Summer 2013. I stay around school to work on the integrity story for Jeeves, which I continue to not believe in. Armando tells me it is time for me to graduate and go on the academic job market. I tell him the academic job market is a big commitment because 1) I don't know that working alone forever is the best way to achieve the things I want to achieve and 2) the work/life balance doesn't seem great. He says 1) is a result of how he chose to run his group, but if I don't want to put in the work of being a professor then I should wrap up my work as quickly as possible and move on with my life. We are both sad.

2013-2014 (Year Six). I spend a month having in-person and Skype meetings with people about other career paths, for instance working at LogicBlox or Jane Street Capital. After my mother reminds me I don't have to do computer science anymore, I consider becoming a writer or an artisan specializing in linocut block prints. Rocky, who works on my floor, tells me that usually everyone on the seventh floor can hear when I laugh, but he has not heard me laugh for six months.

During this time, I also visit Andrey Rybalchenko and Byron Cook at Microsoft Research Cambridge. I enjoy myself immensely and have many stimulating meetings and become exposed to the field of executable biology. (Later I find out this was a secret interview.) I determine that nothing else is as exciting to me and even though academia is a big commitment it seems worth it. I tell Armando I'm ready to go on the job market and he says he already told everyone I wasn't anymore and plus it's better for me to wait. I am more than fine with this, since a big issue had been that I don't want to leave yet.

After I determine that one of my main issues with my project is that nobody uses Scala for prototyping web apps, I decide to switch to Python. Armando lets me take on an MEng (masters) student to convert our implementation to Python. I find Travis Hance. He finishes the conversion in the fall and we spend all spring collaborating on building a web framework based on Jeeves. I am really excited to finally be thinking about the problem of extending the programming model to the database, especially as this is something I had wanted to do for two years. I love having Travis as a collaborator. We decide to submit to OSDI. During the weeks before OSDI, we work together for 10-12 hours a day. I introduce him to many Kendall Square restaurants. During our breaks, we create Haskell Ryan Gosling.

During this time I also decide to take my interest in writing more seriously. The previous year I had come across a former problem set partner Carl Schoonover on Business Insider's list of sexiest scientists in the world and discovered he had been achieving my science writing dreams: writing a book, speaking about science, and even starting a group called NeuWrite to promote collaborations between scientists and science writers. I had brought him to MIT to speak, which led to two things: 1) me assembling an RSVP list of Harvard and MIT graduate students interested in science writing and 2) Carl deciding I was a good person to take over the NeuWrite Boston group, as group membership was shrinking and the current leaders were moving away. One of the journalists from my new media class introduces me to science writer Amanda Gefter and we take over the group. We build a new group from the event RSVP list and Amanda's writer friends. I spend much of my free time 2014-2015 building the group, thinking about writing, and writing. I start publishing not only on my own blogs but also in more public venues. A couple of my Quora answers get published on Forbes and my pieces for The Muse get chosen to run in Forbes and Newsweek.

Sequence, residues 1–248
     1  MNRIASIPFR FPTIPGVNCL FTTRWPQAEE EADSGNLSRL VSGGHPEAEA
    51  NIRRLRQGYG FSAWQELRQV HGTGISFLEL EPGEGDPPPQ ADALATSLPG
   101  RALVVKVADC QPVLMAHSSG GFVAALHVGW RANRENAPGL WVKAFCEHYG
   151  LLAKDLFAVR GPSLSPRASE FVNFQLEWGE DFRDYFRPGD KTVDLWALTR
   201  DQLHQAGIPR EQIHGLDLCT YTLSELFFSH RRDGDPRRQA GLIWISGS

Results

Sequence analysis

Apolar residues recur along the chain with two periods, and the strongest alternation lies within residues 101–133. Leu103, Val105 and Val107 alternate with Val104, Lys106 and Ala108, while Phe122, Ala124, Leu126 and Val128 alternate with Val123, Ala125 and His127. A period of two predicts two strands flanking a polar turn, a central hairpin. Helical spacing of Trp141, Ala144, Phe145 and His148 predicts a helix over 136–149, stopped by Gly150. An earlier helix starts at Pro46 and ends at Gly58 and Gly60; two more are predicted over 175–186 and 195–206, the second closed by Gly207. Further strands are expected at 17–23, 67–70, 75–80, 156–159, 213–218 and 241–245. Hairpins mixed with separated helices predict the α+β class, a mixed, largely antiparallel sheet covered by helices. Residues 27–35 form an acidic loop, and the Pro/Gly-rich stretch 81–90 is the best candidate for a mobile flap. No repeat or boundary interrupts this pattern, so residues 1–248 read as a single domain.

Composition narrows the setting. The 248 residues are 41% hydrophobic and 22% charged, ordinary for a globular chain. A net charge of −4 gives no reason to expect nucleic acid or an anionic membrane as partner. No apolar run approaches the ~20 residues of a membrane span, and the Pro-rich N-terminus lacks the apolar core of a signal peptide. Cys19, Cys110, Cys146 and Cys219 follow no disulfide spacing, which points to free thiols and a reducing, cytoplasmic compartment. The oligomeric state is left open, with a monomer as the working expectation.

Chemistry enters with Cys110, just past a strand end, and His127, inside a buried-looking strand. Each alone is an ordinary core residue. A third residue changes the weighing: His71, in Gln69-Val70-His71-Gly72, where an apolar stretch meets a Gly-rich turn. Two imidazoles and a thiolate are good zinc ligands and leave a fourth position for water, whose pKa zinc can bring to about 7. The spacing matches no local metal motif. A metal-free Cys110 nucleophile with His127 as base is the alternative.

Summer 2014. PLDI is in Edinburgh at the beginning of June and my friend is getting married in Croatia at the end of June. Since Armando is paying for the trans-Atlantic flights, I scheme to remain in Europe for the month. I set up another visit to Microsoft Research Cambridge and a visit to the Max Planck Institute in Kaiserslautern, Germany. I get good feedback on my work during both visits. I then spend a long weekend in Berlin visiting my friend Kate and a week wandering around various parts of Croatia for vacation purposes. I see Oslo for a day on the way back. I find the entire trip relaxing but find it difficult to return to normal life after.

Our OSDI submission gets rejected, so I spend the rest of the summer cleaning up the paper and doing more work to submit to PLDI. I feel an incredible amount of angst about my uncertain future as I prepare for the job market. I spend one day a week doing extreme exercise, cycling 50+ miles or running 11+ miles, to obliterate all thoughts. For various reasons I also spend a lot of weekends in New York and make more friends with people working on data and journalism.